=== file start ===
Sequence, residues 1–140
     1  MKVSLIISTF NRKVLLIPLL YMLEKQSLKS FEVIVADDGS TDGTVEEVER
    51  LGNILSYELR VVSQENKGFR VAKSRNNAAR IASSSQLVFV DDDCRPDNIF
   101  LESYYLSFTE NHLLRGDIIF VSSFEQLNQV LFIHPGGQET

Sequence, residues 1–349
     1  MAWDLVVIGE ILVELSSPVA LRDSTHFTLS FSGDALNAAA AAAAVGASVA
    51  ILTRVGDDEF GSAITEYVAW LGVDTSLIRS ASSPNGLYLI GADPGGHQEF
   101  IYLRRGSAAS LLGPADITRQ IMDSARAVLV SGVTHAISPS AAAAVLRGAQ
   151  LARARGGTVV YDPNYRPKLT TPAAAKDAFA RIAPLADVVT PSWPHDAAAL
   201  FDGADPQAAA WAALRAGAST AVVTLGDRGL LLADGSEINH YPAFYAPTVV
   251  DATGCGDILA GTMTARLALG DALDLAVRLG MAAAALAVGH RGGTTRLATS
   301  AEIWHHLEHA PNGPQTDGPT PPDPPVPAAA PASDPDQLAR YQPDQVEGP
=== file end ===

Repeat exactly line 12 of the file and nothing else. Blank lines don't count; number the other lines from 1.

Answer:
   301  AEIWHHLEHA PNGPQTDGPT PPDPPVPAAA PASDPDQLAR YQPDQVEGP